None of us are fortune-tellers. It’s difficult to predict future income or tax brackets over a period of several years. It becomes even more complex when trying to anticipate things that are out of anyone’s control, such as politicians altering tax rates to address policy changes and deficits. Recent history underscores this fact with significant changes occurring at the top rate, ranging from 50% in 1982 to 38.5% in 1987, 28% in 1988, 31% in 1991, 39.6% in 1993, 35% in 2003, and settling at back at 39.6% starting in 2013 (with rates exceeding 90% at certain points in the last century). Accordingly, depending on when money is taken out of a retirement plan, the tax results can dramatically change over a period of years.

A diversified investment strategy has long been considered a way to optimize investment returns over time while reducing risk. A diversified tax strategy may be equally important. By utilizing tax-deferred and Roth savings options, tax liabilities may be mitigated, ultimately creating more flexibility to reduce individual tax burdens.

Crafting a well-considered loan policy

September 24th, 2013 No comments

Anderson-ChaseOver the past few months, several articles have weighed in on participant loans from defined contribution (DC) plans, nearly all with the same refrain: loans are bad. Some go a bit further: loans must be stopped. One piece, for example, opined that 401(k) loans “should not be allowed in any retirement plan other than for hardship reasons,” calling plan loans “the worst investment anyone could possibly make.”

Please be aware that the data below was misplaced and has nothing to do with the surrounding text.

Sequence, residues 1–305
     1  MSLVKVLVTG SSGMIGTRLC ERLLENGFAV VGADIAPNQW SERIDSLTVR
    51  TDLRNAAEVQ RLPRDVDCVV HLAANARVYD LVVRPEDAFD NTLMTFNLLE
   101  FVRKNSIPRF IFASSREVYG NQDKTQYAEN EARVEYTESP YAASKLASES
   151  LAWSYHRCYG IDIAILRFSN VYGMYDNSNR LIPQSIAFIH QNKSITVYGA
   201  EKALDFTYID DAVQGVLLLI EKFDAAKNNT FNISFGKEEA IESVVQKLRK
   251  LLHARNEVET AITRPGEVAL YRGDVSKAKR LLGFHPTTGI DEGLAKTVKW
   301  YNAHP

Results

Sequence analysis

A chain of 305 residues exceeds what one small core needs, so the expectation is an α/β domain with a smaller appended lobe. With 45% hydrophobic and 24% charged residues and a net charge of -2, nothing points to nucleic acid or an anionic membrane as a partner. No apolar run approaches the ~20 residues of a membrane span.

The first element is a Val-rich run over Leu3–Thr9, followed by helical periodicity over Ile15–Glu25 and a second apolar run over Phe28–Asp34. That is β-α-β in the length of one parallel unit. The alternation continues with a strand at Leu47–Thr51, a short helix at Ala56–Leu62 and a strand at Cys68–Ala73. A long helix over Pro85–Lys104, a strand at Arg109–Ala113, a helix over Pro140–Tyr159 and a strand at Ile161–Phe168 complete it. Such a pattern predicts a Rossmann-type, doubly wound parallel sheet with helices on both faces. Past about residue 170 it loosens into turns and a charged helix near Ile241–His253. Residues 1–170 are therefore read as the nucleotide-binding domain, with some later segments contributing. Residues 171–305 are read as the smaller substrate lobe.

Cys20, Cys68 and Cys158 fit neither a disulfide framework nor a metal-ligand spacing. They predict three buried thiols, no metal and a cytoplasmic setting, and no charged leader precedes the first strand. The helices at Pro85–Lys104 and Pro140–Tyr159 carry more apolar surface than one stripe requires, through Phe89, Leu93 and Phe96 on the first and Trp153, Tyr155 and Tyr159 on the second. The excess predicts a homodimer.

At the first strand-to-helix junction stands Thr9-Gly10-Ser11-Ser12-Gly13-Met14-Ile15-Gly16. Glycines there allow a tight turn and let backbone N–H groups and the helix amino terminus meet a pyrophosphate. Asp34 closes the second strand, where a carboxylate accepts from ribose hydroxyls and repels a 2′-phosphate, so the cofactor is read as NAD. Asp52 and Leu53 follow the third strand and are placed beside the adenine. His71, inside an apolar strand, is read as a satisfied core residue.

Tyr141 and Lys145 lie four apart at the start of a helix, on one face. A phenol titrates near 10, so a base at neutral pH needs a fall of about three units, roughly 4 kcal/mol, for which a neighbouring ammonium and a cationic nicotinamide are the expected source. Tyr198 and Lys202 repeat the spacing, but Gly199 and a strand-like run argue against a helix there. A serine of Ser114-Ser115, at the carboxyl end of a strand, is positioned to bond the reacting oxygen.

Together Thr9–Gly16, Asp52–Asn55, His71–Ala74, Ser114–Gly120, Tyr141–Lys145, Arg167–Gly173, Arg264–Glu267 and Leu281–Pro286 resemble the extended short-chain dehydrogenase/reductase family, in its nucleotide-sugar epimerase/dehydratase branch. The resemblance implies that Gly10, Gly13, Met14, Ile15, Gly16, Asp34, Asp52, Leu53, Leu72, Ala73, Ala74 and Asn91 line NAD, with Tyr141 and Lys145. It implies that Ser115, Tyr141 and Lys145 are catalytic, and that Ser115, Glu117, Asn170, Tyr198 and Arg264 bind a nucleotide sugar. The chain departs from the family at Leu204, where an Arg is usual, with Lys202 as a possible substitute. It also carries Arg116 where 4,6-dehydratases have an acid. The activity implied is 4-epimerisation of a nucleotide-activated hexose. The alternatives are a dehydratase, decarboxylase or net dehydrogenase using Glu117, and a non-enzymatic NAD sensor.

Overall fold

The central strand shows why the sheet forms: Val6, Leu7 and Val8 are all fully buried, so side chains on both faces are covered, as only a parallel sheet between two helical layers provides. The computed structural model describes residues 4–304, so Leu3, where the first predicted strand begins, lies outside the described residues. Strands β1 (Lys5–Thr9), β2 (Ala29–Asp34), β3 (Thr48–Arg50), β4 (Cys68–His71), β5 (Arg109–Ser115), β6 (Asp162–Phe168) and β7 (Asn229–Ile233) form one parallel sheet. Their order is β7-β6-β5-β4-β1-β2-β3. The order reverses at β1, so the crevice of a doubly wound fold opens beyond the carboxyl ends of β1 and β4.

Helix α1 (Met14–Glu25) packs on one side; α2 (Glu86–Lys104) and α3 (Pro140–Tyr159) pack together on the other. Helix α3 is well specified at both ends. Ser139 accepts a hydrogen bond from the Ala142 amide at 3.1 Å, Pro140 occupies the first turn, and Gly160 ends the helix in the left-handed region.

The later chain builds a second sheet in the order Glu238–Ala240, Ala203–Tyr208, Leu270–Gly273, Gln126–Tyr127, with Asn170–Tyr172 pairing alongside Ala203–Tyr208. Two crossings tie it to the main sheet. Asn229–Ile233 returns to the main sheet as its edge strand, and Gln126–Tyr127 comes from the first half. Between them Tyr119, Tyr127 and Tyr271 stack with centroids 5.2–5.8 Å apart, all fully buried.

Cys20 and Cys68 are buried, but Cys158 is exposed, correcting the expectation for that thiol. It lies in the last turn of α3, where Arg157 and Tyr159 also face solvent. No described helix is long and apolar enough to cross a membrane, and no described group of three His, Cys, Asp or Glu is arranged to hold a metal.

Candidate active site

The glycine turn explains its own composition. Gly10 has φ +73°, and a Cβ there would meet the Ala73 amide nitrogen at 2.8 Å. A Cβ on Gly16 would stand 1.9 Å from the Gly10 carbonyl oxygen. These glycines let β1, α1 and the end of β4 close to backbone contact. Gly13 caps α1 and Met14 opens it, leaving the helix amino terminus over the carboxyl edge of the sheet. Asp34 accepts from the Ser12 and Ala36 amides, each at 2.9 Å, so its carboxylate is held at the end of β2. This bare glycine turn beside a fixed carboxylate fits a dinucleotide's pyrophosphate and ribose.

Ultimately, for plan sponsors looking to help participants adequately prepare for retirement, one primary task is to craft plans that work best for each one’s workforce. Revisiting loan policies in pursuit of those goals—but with sufficient flexibility to encourage maximum participation in the first place—is a good way to start.

The IRS restricts loan amounts to no more than 50% of account balances (generally); repayment to up to five years (except for purchase of a primary residence); and the total borrowed over the past 12 months to a maximum of $50,000 (always). It also allows use of the funds for any purpose.

In addition to those required limits, a sponsor may craft a better-tailored loan policy for its workforce by considering:

• How much (and how often) its participants are borrowing